Newspaper Page Text
Wisconsin Tobacco Reporter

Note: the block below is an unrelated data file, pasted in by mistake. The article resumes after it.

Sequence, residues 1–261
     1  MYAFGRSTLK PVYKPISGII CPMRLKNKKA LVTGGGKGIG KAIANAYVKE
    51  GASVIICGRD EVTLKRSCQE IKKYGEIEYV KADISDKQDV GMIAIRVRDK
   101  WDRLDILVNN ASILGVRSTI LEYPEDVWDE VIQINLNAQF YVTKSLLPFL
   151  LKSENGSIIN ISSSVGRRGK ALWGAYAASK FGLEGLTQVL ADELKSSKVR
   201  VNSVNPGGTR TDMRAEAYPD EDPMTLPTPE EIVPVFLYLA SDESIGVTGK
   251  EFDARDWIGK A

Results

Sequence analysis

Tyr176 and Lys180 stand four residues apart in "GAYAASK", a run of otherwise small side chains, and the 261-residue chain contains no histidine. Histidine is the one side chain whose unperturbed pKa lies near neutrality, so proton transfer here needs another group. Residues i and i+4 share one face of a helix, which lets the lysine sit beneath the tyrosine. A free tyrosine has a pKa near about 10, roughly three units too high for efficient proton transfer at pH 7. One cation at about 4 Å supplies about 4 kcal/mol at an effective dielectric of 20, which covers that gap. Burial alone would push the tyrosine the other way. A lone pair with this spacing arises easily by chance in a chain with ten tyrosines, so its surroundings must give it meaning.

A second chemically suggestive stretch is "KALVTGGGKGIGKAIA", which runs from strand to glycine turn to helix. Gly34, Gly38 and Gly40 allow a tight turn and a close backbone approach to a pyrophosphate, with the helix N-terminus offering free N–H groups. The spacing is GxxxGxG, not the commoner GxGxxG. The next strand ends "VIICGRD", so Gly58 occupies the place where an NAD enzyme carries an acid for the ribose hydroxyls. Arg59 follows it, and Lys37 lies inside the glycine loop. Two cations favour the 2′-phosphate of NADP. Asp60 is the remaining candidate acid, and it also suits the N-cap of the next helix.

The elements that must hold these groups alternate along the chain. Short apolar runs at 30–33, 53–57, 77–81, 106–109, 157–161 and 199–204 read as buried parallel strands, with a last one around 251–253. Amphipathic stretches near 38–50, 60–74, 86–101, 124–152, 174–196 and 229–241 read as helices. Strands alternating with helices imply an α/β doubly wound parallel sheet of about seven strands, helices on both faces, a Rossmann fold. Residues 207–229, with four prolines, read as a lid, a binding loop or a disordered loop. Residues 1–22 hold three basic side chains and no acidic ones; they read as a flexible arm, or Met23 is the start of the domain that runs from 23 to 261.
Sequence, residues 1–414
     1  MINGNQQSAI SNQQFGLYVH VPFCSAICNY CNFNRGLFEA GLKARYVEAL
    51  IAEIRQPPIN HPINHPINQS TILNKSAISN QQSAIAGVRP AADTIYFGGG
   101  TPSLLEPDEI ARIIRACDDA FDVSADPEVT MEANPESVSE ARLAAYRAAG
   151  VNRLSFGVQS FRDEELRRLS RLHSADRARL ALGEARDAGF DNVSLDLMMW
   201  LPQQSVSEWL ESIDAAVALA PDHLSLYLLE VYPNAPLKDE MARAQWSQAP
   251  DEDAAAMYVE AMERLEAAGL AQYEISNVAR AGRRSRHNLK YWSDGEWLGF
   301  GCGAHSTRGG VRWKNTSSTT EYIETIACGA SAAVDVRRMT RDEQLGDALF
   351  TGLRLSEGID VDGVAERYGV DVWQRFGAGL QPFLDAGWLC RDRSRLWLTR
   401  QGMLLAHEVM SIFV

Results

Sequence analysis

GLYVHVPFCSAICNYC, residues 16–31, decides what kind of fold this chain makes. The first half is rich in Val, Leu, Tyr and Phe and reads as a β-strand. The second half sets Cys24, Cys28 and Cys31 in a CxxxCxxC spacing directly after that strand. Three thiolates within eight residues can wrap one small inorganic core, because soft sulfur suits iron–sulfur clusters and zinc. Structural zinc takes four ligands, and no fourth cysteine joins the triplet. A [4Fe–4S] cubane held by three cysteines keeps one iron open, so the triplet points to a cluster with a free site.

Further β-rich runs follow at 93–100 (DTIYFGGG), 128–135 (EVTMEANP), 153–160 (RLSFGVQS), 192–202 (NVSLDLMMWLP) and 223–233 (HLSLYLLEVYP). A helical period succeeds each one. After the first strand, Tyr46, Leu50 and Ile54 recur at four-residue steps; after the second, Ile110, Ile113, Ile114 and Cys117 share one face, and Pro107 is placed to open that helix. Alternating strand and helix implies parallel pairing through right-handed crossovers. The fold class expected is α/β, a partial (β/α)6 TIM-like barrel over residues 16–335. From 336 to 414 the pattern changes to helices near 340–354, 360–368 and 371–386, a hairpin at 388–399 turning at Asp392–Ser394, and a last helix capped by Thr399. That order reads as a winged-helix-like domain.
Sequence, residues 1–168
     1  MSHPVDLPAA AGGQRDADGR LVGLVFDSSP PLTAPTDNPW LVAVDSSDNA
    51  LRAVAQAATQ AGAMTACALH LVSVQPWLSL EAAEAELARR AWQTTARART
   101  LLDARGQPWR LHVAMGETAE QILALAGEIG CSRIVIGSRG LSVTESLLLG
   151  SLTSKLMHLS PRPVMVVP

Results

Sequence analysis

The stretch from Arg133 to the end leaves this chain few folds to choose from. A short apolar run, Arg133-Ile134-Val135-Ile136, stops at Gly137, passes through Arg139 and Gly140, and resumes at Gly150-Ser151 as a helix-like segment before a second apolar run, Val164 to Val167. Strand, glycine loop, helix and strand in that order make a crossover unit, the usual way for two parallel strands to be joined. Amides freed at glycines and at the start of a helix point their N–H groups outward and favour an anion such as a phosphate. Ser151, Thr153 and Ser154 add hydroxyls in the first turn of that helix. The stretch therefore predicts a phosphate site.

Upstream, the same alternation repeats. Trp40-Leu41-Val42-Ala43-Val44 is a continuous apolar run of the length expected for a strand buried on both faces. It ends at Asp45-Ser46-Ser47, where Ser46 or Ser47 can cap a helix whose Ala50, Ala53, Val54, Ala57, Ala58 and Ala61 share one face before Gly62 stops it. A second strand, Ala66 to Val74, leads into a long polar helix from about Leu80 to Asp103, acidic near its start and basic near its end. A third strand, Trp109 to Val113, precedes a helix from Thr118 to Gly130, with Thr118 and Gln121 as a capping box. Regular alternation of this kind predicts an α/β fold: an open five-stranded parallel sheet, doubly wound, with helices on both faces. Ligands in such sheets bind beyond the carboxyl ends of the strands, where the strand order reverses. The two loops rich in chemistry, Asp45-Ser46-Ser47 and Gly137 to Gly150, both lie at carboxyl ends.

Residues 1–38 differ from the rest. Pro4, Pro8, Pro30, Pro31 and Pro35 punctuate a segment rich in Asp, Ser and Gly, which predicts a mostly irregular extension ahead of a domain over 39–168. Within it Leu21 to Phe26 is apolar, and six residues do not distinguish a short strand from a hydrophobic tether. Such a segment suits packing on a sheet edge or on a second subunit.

FRIDAY, OCTOBER 9, 1914 t CORRESPONDENCE Albion F. L. Osborne and son Clarence were Janesville visitors Saturday. K. D. Whitford and family spent Saturday evening in Stoughton. Elmer Dixon called on old school mates and friends last Thursday. Mr. and Mrs. I. D. Rice made a bus iness trip to Janesville Saturday. Mr. and Mrs. H. H. Babcock and Lenora visited at Milton Junction Sat urday. The Home Benefit society were en tertained by Mrs. J. H. Palmiter Tues day afternoon. Mr. and Mrs. I. D. Humphrey and Mr. and Mrs. O. J. Palmiter visited at Milton Junction Saturday. Mr. and Mrs. W. A. McCarthy and Mr. and Mrs. H. E. Whitford visited at Milton Junction Saturday. Oscar Christianson and Alvin Kau panger of Stoughton called on old schoolmates and friends here Sunday. Mr. and Mrs. Krueger and son Carl and Miss Clara Stillman motored to Cottage Grove and Oak Hill last Fri day. Mr. and Mrs. E. A. Drake, daughter Gladys and Mr. and Mrs. V. E. Aaby went to Janesville on business Satur day. O. A. Peterson and family of Orford ville called on their daughter Bertha, who is attending the academy, Satur day. Mr. and Mrs. Fred Campbell of Mil ton, Mr. and Mrs. Hinman of Elgin, 111., called on Mr. and Mrs. A. B. Campbell Monday. Mrs. Harold Bliven visited her grand mother, Mrs. Milo Bliven, and her aunt, Mrs. Cash Williams, and family Saturday and Sunday. Mrs. Martin Gunderson visited her sister, Mrs. Chas. Lawton, and family at Milton Junction from Friday until Sunday night. Mrs. Albert Porath and daughter Emma, Mrs. Schoenfeld and Mrs. Mc- Cann of Edgerton called on Mrs. Leon Dates one day last week. Mr. and Mrs. L. J. Tyler and little son of Janesville and Miss Susie Ham merquist of Edgerton visited L. F. Os born and son Clarence Sunday. The Missionary Benevolent society met with Mrs. Geo. Babcock Wednes day afternoon and the Willing Workers met with Mrs. James Herrington on Thursday. Mr. Wagner and family of Chicago came Saturday night to Henry Kelly’s. They will move their household goods into part of the house occupied by Henry Babcock. Porter Miss Clara Severson is spending a few weeks in Milwaukee. Mrs. Kreuger of Edgerton is staying with Mrs. A. B. Fessenden. Supt. 0. D. Antisdel was a visitor at the Eagle school on Thursday. Mr. and Mrs. John Copley of Edger ton were visitors at the Bates home Wednesday. Mr. and Mrs. A. K. Wallin motored to Broahead Sunday and spent the day with friends. Mr. and Mrs. Frank Boss and family were guests of L. L. Fessenden’s fam ily on Sunday. Mrs. Dennis McCarthy of Beloit is spending the week with her sister, Mrs. Robt. Earle. Miss Dorothy Hartzell of Edgerton spent a few days last week at the home of Fred Bienash. Miss Lulu Schoenfeld of Edgerton was an over Sunday visitor with Miss Holdena Becker. Mr. J. Ford was called to northern Wisconsin on account of the serious illness of his uncle, M. Smith. Mr. and Mrs. A. Brown welcomed a baby boy to their home on Thursday. Mrs. Viney of Edgerton is caring for the sick. J. W. Bates sustained some painful injuries from being thrown from his b u £gy while returning from Edgerton on Thursday. The Larkin Club reorganized last Tuesday by adding six new members— Mrs. T. Stearns, Mrs. A. Collins, Mrs. O. Boyle, Mrs. E. Nalan and the Misses Marie Lay and Nellie Boyle, making 16 members. * The first card party of the season was held at the home of J. J. McCar thy Friday evening. First honors were vron by F*ank Boss and Miss Inez Murry, while the consolations went to Lloyd Viney and Miss Alice Murry. At midnight delicious refreshments were served. Fulton Horace Pease spent last week in Janesville. Mrs. Ed Attlesey and Tom Peach have returned from visiting friends in the west. Under the management of Mr. Hayes of Janesville the cuts in the dam are being filled. Mrs. Marie Wilber of Chicago is up with her mother, Mrs. Andrew Nes land, who is very poorly. Frank Pease and Johnnie Burg are working with the state surveyor near Janesville on the state and county high ways. Mrs. Grace Fessenden, who has been visiting her sister in Black Earth the past week, returned to her home here Friday. The county bridge committee, ac companied by the chairman, Mr. An derson, were looking over the bridges here one day last week. —Buy White Elephant tea, the best in town, at Conn’s. Sumner Fred Burlson and family visited Adam Plum Sunday. John Robbins and family spent Sun day with relatives at Janesville. Gust Wentler of Newville is cutting corn for Wm. Goldthorp this week. Mrs. Martha Whittet of Milton is visiting relatives and friends here. The Ladies Aid society met with Mrs. B. J. Messmer Wednesday afternoon. Alf. Kirby of Libertyville spent a few days last week with Frank Kirby and family. M. A. Robbins, who has been visit ing relatives and friends in the west, returned home Tuesday. Indian Ford Henry Cox has gone to Montana with M. E. Conway on a sheep expidition. W. H. Price is chief engineer in the building of a “James” cow barn for J. C. Hurd. Mr. and Mrs. Jerry Hinkle and Brady Lawrence of Janesville visited at Geo. Whaley’s Sunday. Relatives from Utah, lowa, Janes ville and Madison were entertained at P. S. Alverson’s the first of the week. C. S. Thomas left Monday to meet his wife in Chicago and from there they will go to their other home down in Florida. Mr. P. Scherschel, father of Mrs. N. H. Baltes, and Frank Scherschel, wife and daughter of Juneau were recent guests ot the Baltes family. Harve Thomas has been under the neighbors’ care for a few days, claim ing he had been sand-bagged and rob bed on his way home from Edgerton one evening. Mr. and Mrs. Martin Farrell and Mr. and Mrs. E. E. Waufle came out from Chicago in an auto and visited at the home of Mrs. Ellen Kealey over Sun day. Miss Ella Kealey went to Chicago Monday for a week’s visit among rela tives. Miss Clara Condon of Newville will assist Grandma Kealey with the household duties while Miss Ella is ab sent. Through the kindness of relatives Miss Margaret Chamberlain has se cured a position as stenographer in Chi cago. We wish her success and quick promotion in her chosen work. Three autos carried Mr. and Mrs. H. B. Lager, Mr. and Mrs. John Dahle, Mr. and Mrs. John Legried and daugh ter Mildred, Mr. and Mrs. L. O. Grut land and daughters Rose and Beatrice, Mr. and Mrs. C. 0. Grutland, Harry and Edna Lager down from Deerfield and Liberty Prairie last Sunday, They ate picnic dinner at Will Price’s. Madison Girls Go Aeroplaning. Miss Catherine Brandenburg and Miss Beula Heddles, Langdon street, made hydro-aeroplane flights over Lake Men dota Friday forenoon in Clair G. Hor ton’s Curtiss biplane. Each was out for over ten minutes, running with the j wind at nearly an 80-mile speed at j times, reaching an altitude of 300 feet i occasionally and making two great cir- j cles over the water in mid-lake. Both ! pronounced the experience “wonder-1 ful” and were at once enthusiastically ; ready for another trip. First they ran : almost directly toward the center of the lake from the university bathhouse, j rising from the water half a mile out, ; then bore up into the teeth of an east- j erly breeze, passed on to the left by : the golf grounds, Maple Bluff and the | Mendota hospital and then back along a curve of two miles or more toward Picnic Point, and finally home to the ’varsity shore. They could wear no hats, nor would the aviator permit, them to carry handkerchiefs in hand j lest by some chance they become en- j tangled in the tiny wire cables of the operating mechanism. W. S. Heddles, father of Miss Hed- ; dies, made the trip last Tuesday. j Madison Democrat. ♦♦♦ WISCONSIN TOBACCO MARKETS I (Continued From Page /.) | \ Pennsylvania. Lancaster, Pa., Sept. 30, 1914. j This year’s tobacco crop is safe under cover, safe from hail and frost, and the growers can now reasonably figure on good returns for their season’s work. From the 14,000 acres that were out in tobacco it is conservatively estimated that the growers will receive not less than $2,500,000. It is very generally conceded that the growers will receive around ten cents for this tobacco, and a few growers have expressed the con viction that many crops would bring eleven and twelve cents. For several years the packers have stopped what was regarded as the evil practice of t buying in the field, when one general price was paid for pretty much the en-! tire crop. The buying this year will; be done after the tobacco is cured, j when the packers will be able to see , just what they are getting. While the crop is considered a particularly fine ( one, it must be admitted that much of it was shedded wher. it was not in the best condition possible. A cold snap i coming at a time when the crop was doing its best in the development line, scared great numbers of growers into j early cutting to escape an early frost. ' The cold snap this year was followed j by a considerable spell of warm weath er, but it was during a period of drought, too, which greatly hindered, the further growth of the plants. The tobacco that had ripened and was put away before the cold spell looks fine in the shed. I ♦> When the Witness Scored. Judge—“ What is your occupation, 1 my man?” Prisoner —“I am a bus driver, my lord.” Judged—“ You mean you are the driver of horses attached thereto?” Prisoner —“Yes, sir.” Judge —“You are charged with hitting this man on the face. Did you do it?” Pris- i oner—“ Certainly not!” Judge—“ What did you do, then?” Prisoner —“I hit him on the nasal organ attached there to.”—Tit-Bits. Puritan flour $1.50 at Conn’s. —Buy canning pears at Conn’s, $1.50 per bushel. Horses In Battle. The return during a battle of rider less horses to camp is an almost cer tain sign of a rout that amounts al most to annihilation. A horse may lose its trooper, but unless it is wound ed it will nearly always keep on with the rest. If the battle is lost and the army is driven from the field in confusion the owmerless horses will return to camp or remain on the field, often galloping about in military formation, but avoid ing the wounded. An army horse knows the trumpet call as well as its rider, and when a sqund ron forms up to charge it will strain at the bit, anxious to be off. but it does not like waiting, doing nothing, especially if exposed to fire. Many attempts have been made to extend the Geneva convention to ani mals. The proposal has received sym pathy everywhere, but nothing definite has yet been done, though every sol dier does his best for his steed so far as in him lies.—Pearson’s Weekly. Crude Cannon. During the insurrectionary war car ried on in Cuba against the rule of Spain the insurgents, being in need of artillery, constructed a cannon of wood. A piece of tree, five feet in length and one foot in diameter, was placed on trestles and a bore burned in it by means of white hot iron pipes. This weapon was bound around with ox hides cut into long strips. It was fired over 100 times before it burst, the projectiles used being fragments of iron, stones and fire hardened clay balls. Paper cannons have been used by the Chinese in warfare. The cannons were made of paper, hardened and toughen ed by means of litharge, wax, tallow and white lead and fashioned in the shape of a long tube. A steel core was then inserted, the exterior being bound with wire and rope and steel bands added for extra strength. Three Wishes. “Once aloud and twice in silence shalt thou wish, and thy best wish I will give thee.” So spake Destiny. The moments ticked eternityward. The silent wishes were made, but the other—frantically the woman stared at the face of the clock. '■ Vainly she prodded her mind, but five minutes—four—three remained— two —one — “Oh!” wailed she aloud. “Oh. could I but choose!” Solemnly the hour struck. “Tby wish is granted thee, the sovereign gift of Surety. A greater lies not upon the knees of the high gods. Beside thy first two (for beauty and lovei the power to choose aright is as gold to clay.” And the future proved to this woman that Destiny’s choice for her had in deed been right.—Minna Thomas An trim in Lippincott’s. Uses For the Nose. The triangular pyramid projecting from the center of the face has always had peculiar interest for me. In in fancy I used it as a pocket, stowing therein an occasional bean filched from the cook’s store, and 1 remember the stir one such occasioned in the house hold as well as in me when a canny country doctor put his open mouth to mine and with mighty blast persuaded the bean to stand, not upon the order of its exit. Later a coasting accident left me with some nasal vacuity and the ability to run a grass blade up one nostril and down the other. Thus 1 became persona grata at juvenile cir cuses, the price of admission for my performance going all the way up from five pins to 3 cents, my profits invaria bly being paid in pins, the distaff side. I suppose, very properly.—Lucy Elliot Keeler in Atlantic. Fortunes In Lace. Several millionaire families in New York possess immense fortunes in laces alone. The laces owned by the Astor family are valued at $300,000, those of the Vanderbilt at $500,000. It is said that the New York Four Hundred buy more lace than any collectors in the world. No fewer than twenty wealthy women may be mentioned who each owns laces worth $50,000. Lace is tlie luxury of the rich. No ordinary mid die class collector can hope to possess anything but a few choice pieces, if lucky enough to be able to have those. There are several fine collections among the English aristocracy. What the Public Wants. “It’s hard to tell just what the pub lic wants these days,” said the thea ter manager, with a sigh. “It hasn’t struck me that way,” re: ptied the treasurer. “It seems pain fully easy to me. In nine cases out of ten it wants its money back.”—New York World California’s Gold. The first discovery of gold in Cali fornia was made in IS4B by James Marshall, who happened to pick up a glittering nugget in the bed of a stream! Since that time the state has yielded more than $1,500,000,000 in gold. Marshall died a poor man. A Legal Difference. The Client—How much will your opinion be worth in this case? The Lawyer—l’m too modest to say. But I can tell you what I’m going to charge you for it.—Cleveland Leader. x The Shaky Ladder. Many a man has spent the best years of his life climbing the ladder of fame only to have the thing tilt over back ward jnst as he grasped the last rung. —Chicago Herald. The reward of one dut\ fuithhiMv performed is ihe power io fulfil; ao other George Eliot If Woe,! "4-1-3-0” Not a moving pict ure serial, but something just as important. This is the number by which a certain suit of clothes is known. Not ordinary clothes, but a suit of all-wool blue serge Clothcraft—a suit that will keep its shape and color, fit well, look well, wear well-a suit that has 68 years of scientific clothes-making built into every seam—a suit that will give the wearer that comfortable, well-dress ed feeling. Babcock’s Clothing Store Feature Sale of New Fall Suitings, Dress Goods, Plaids, Silks Distinctive Merchandise of Rare Style, Beauty and Quality! Your Choice of any Style Pictorial Pattern FREE! With every purchase of a Wool or Silk Dress Pattern, made on Thursday, Friday, Saturday October Bth, 9th and 10th This feature sale of stunning Dress Goods offers in numerable opportunities for saving. We make this offer to demonstrate in a practical way the economies of buying your material at this store. Beautiful new Wool Crepes, Serges, San Toys, Poplins, French Plaids, Diagonals, French Serges, and Fancy Suitings in all the new and wonderful colorings. At Prices From 50c and Upwards Edgerton &keffhut <£> (Jmtfa Wisconsin amTars msr mmm sm u High priced? No, indeed. You pay only $18.50 for Clothcraft No. 4130 and get a guar antee of satisfatory ser vice with it. There are many Clothcraft suits to choose from. Patterns, colors, styles —one for every taste. Whether you are slim or stout, short or tall, you’ll find a Cloth craft suit or overcoat that you like. Prices from $lO to $22. Come in while there’s a big variety of stock to select from.